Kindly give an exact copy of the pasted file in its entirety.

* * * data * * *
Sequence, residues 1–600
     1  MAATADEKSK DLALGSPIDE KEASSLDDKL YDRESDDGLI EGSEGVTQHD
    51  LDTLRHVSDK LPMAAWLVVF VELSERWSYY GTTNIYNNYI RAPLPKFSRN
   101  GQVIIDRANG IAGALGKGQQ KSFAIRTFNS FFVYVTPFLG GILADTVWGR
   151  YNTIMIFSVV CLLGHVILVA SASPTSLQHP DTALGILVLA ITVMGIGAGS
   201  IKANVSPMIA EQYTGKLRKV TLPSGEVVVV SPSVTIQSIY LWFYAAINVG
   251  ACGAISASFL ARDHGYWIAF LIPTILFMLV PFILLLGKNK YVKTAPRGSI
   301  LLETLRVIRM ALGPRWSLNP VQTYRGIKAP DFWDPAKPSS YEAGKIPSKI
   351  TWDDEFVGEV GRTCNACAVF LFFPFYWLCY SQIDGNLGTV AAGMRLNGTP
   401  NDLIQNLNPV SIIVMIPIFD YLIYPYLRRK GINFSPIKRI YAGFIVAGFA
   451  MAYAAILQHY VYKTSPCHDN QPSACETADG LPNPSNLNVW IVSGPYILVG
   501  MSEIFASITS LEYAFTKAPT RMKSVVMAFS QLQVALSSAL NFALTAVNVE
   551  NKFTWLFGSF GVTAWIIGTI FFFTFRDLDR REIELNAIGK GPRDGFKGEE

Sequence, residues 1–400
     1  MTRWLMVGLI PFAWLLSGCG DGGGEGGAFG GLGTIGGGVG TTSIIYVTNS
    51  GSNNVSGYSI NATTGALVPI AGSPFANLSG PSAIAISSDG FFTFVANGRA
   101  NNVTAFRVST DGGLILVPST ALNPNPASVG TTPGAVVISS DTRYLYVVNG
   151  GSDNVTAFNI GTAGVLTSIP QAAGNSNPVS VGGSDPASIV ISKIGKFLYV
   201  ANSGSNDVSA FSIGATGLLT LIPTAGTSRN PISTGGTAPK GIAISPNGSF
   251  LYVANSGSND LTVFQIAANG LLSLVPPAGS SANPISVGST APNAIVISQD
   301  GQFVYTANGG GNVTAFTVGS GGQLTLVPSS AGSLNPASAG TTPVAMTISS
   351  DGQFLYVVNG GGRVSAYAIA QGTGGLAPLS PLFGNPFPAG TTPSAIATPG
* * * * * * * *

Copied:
Sequence, residues 1–600
     1  MAATADEKSK DLALGSPIDE KEASSLDDKL YDRESDDGLI EGSEGVTQHD
    51  LDTLRHVSDK LPMAAWLVVF VELSERWSYY GTTNIYNNYI RAPLPKFSRN
   101  GQVIIDRANG IAGALGKGQQ KSFAIRTFNS FFVYVTPFLG GILADTVWGR
   151  YNTIMIFSVV CLLGHVILVA SASPTSLQHP DTALGILVLA ITVMGIGAGS
   201  IKANVSPMIA EQYTGKLRKV TLPSGEVVVV SPSVTIQSIY LWFYAAINVG
   251  ACGAISASFL ARDHGYWIAF LIPTILFMLV PFILLLGKNK YVKTAPRGSI
   301  LLETLRVIRM ALGPRWSLNP VQTYRGIKAP DFWDPAKPSS YEAGKIPSKI
   351  TWDDEFVGEV GRTCNACAVF LFFPFYWLCY SQIDGNLGTV AAGMRLNGTP
   401  NDLIQNLNPV SIIVMIPIFD YLIYPYLRRK GINFSPIKRI YAGFIVAGFA
   451  MAYAAILQHY VYKTSPCHDN QPSACETADG LPNPSNLNVW IVSGPYILVG
   501  MSEIFASITS LEYAFTKAPT RMKSVVMAFS QLQVALSSAL NFALTAVNVE
   551  NKFTWLFGSF GVTAWIIGTI FFFTFRDLDR REIELNAIGK GPRDGFKGEE

Sequence, residues 1–400
     1  MTRWLMVGLI PFAWLLSGCG DGGGEGGAFG GLGTIGGGVG TTSIIYVTNS
    51  GSNNVSGYSI NATTGALVPI AGSPFANLSG PSAIAISSDG FFTFVANGRA
   101  NNVTAFRVST DGGLILVPST ALNPNPASVG TTPGAVVISS DTRYLYVVNG
   151  GSDNVTAFNI GTAGVLTSIP QAAGNSNPVS VGGSDPASIV ISKIGKFLYV
   201  ANSGSNDVSA FSIGATGLLT LIPTAGTSRN PISTGGTAPK GIAISPNGSF
   251  LYVANSGSND LTVFQIAANG LLSLVPPAGS SANPISVGST APNAIVISQD
   301  GQFVYTANGG GNVTAFTVGS GGQLTLVPSS AGSLNPASAG TTPVAMTISS
   351  DGQFLYVVNG GGRVSAYAIA QGTGGLAPLS PLFGNPFPAG TTPSAIATPG